I represent a number of landlords, property management companies, apartment complexes and real estate agents that collectively manage more than 4,000 rental units.
This procedure is used often, in part because it is not expensive. Our fee is based on two stages of representations. For an initial consultation and drafting of the 10 day notice to vacate, the fee is limited to $175. For the second stage, to coordinate with the prosecuting attorney’s office, assist the client in getting the police to serve the warrant and prepare the landlord for court, our fee is $300. If you need assistance, then please do not hesitate to contact my office by emailing me at Jason@jasonbolden.com or calling me at 501-952-8114.
Below is the statute passed by the Arkansas Legislature that governs the criminal eviction procedure for your reference.
Arkansas Code Annotated 18-16-101. Failure to pay rent — Refusal to vacate upon notice — Penalty.
(a) Any person who shall rent any dwelling house or other building or any land situated in the State of Arkansas and who shall refuse or fail to pay the rent therefor when due according to contract shall at once forfeit all right to longer occupy the dwelling house or other building or land.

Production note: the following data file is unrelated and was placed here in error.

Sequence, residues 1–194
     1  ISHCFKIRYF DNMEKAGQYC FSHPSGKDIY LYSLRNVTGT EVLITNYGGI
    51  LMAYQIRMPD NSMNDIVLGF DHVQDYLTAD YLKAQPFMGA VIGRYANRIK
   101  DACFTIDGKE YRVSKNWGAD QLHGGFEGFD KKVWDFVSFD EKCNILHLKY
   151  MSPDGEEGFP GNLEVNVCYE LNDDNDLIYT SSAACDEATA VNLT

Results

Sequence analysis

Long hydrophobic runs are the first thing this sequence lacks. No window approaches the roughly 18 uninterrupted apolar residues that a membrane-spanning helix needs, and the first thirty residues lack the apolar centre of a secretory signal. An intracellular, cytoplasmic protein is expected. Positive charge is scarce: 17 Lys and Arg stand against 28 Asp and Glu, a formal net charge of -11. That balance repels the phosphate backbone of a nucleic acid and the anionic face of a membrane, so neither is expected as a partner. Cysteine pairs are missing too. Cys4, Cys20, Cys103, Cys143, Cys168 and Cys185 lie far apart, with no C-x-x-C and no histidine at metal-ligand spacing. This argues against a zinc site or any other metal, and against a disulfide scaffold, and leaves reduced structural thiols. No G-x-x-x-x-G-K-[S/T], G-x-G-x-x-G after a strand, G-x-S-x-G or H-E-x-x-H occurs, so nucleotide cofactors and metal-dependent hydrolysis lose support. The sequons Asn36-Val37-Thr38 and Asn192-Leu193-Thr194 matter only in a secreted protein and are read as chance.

(b) (1) If, after ten (10) days’ notice in writing shall have been given by the landlord or the landlord’s agent or attorney to the tenant to vacate the dwelling house or other building or land, the tenant shall willfully refuse to vacate and surrender the possession of the premises to the landlord or the landlord’s agent or attorney, the tenant shall be guilty of a misdemeanor.
(2) Upon conviction before any justice of the peace or other court of competent jurisdiction in the county where the premises are situated, the tenant shall be fined twenty-five dollars ($25.00) per day for each day that the tenant fails to vacate the premises.
(c) (1) Any tenant charged with refusal to vacate upon notice who enters a plea of not guilty to the charge of refusal to vacate upon notice and who continues to inhabit the premises after notice to vacate pursuant to subsection (b) of this section shall be required to deposit into the registry of the court a sum equal to the amount of rent due on the premises. The rental payments shall continue to be paid into the registry of the court during the pendency of the proceedings in accordance with the rental agreement between the landlord and the tenant, whether the agreement is written or oral.
(2) (A) If the tenant is found not guilty of refusal to vacate upon notice, the rental payments shall be returned to the tenant.
(B) If the tenant is found guilty of refusal to vacate upon notice, the rental payment paid into the registry of the court shall be paid over to the landlord by the court clerk.
(3) Any tenant who pleads guilty or nolo contendere to or is found guilty of refusal to vacate upon notice and has not paid the required rental payments into the registry of the court shall be guilty of a Class B misdemeanor.